New York Times, It’s Not Just You: Virtual Meetings Aren’t All That Great:
Last week, Mita Mallick tried to share an opinion during an online meeting but her voice was drowned out.
“I’m interrupted, like, three times and then I try to speak again and then two other people are speaking at the same time interrupting each other,” said Mallick, head of diversity and inclusion at the consumer goods company Unilever.
When she finally did get a word in, she couldn’t gauge anyone’s response. She cracked a joke and couldn’t determine if anyone was laughing. She couldn’t tell if anyone agreed with the points she was trying to make. She just saw blank stares.
Remote meetings are also starting to crystallize how much harder it is for women to be heard in group settings.
Countless studies have shown that workplace meetings are riddled with inequities. One study by the Yale psychologist Victoria Brescoll found that when male executives spoke more often, they were perceived to be more competent, but when female executives spoke more often, they were given lower competence ratings. The annual McKinsey and LeanIn.org Women in the Workplace report, which in 2019 surveyed 329 companies and more than 68,000 employees, found that half of the surveyed women had experienced being interrupted or spoken over and 38 percent had others take credit for their ideas.
Online, these imbalances are amplified, according to Deborah Tannen, professor of linguistics at Georgetown University who has been studying how men and women speak for decades.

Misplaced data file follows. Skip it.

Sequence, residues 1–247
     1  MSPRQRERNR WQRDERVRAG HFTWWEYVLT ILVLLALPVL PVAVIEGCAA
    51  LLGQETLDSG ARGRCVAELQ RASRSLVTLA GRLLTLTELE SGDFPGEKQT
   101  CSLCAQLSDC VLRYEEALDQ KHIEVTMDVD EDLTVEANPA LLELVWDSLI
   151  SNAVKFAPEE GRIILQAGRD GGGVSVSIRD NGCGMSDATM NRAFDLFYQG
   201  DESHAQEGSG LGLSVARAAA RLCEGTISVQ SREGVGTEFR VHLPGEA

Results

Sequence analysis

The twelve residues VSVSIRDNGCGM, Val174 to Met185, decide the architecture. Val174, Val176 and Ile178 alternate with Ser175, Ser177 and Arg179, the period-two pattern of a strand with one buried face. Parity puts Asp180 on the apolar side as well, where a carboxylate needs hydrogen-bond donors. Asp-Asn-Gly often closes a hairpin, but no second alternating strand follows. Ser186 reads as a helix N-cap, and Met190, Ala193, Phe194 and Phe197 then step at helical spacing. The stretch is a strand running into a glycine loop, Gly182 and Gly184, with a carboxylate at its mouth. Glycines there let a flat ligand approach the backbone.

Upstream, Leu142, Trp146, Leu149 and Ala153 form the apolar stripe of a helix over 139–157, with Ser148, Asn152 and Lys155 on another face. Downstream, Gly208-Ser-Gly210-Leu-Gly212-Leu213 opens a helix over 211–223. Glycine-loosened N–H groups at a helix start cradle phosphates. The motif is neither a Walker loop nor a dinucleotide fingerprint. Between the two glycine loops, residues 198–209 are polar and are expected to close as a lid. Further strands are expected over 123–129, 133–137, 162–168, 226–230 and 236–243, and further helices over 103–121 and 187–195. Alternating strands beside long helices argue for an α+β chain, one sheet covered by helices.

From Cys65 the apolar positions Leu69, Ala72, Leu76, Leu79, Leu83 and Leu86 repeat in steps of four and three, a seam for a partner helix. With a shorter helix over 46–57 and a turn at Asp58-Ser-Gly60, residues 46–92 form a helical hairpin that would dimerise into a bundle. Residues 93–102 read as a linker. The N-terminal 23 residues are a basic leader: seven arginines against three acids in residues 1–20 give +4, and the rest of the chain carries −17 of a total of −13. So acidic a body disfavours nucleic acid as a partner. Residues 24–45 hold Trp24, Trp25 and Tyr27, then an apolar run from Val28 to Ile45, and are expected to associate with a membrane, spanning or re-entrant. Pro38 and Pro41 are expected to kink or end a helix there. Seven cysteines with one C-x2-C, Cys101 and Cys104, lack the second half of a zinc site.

In her research, Tannen found that many of the inequities in meetings can be boiled down to gender differences in conversation styles and conventions. That includes speaking time, the length of pauses between speakers, the frequency of questions and the amount of overlapping talk. More often than not, men and women differ on almost every one of those aspects, Tannen said, which leads to clashes and misunderstandings.
“Women often feel that they don’t want to take up more space than necessary so they’ll often be more succinct,” she explained, and they tend to speak in more self-deprecating or indirect ways in order to come across as likable.
Men, on the other hand, tend to speak longer and they can be more argumentative and critical in order to be perceived as authoritative. ...
during the coronavirus pandemic, as Tannen transitioned to teaching her classes on Zoom, she expected her more reticent students to be more comfortable with speaking out in class but found that for many the new digital classroom had the inverse effect.
“You’re looking at a screen with everybody’s face staring back at you. It can be even more intimidating,” she explained.
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